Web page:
Smart manufacturing technology can allow for remote operation of industrial machinery to cut down on the number of people working in close proximity with each other, as can “cobots” or collaborative robots, which work closely with human counterparts on the factory floor. 5G enables better communication between smart manufacturing systems and greater responsiveness when controlling machinery remotely. Additive manufacturing is fast, flexible, and relatively inexpensive, helping to reduce prototyping and production costs. AI and big data can provide prescriptive analysis to help determine future courses of action, rather than just examine and react to things that have already happened, which can improve operational efficiency and allow factories to perform preventative maintenance and stop problems before they occur.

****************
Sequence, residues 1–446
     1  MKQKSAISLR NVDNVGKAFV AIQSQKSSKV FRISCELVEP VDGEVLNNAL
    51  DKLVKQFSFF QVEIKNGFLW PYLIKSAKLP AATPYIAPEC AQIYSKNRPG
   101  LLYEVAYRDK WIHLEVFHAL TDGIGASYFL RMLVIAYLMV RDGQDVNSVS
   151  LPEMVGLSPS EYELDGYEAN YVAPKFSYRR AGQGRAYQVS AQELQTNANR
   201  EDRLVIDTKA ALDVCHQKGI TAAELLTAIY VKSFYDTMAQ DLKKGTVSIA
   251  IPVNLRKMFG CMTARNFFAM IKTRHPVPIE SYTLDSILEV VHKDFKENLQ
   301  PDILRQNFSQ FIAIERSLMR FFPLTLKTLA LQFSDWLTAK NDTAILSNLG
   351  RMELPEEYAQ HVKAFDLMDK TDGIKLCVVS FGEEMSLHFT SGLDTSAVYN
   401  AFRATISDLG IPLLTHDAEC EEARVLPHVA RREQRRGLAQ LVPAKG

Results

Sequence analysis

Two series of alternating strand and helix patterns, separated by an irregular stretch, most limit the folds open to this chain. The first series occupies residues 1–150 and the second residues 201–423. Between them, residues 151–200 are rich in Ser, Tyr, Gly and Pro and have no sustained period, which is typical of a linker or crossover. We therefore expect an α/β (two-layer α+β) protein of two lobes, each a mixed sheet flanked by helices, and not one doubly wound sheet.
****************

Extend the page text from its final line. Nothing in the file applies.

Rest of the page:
Central to a smart manufacturing ecosystem is the manufacturing execution system (MES), which is used to control manufacturing activities, collect and analyze data, and improve efficiency and quality. The MES consolidates multiple functions into one system, improving integration and visibility between the various elements of the manufacturing process. With the aid of the IIoT, the MES can coordinate across an entire factory, as well as between multiple facilities and related systems, allowing it to monitor product quality, inventory levels, error rates, and more.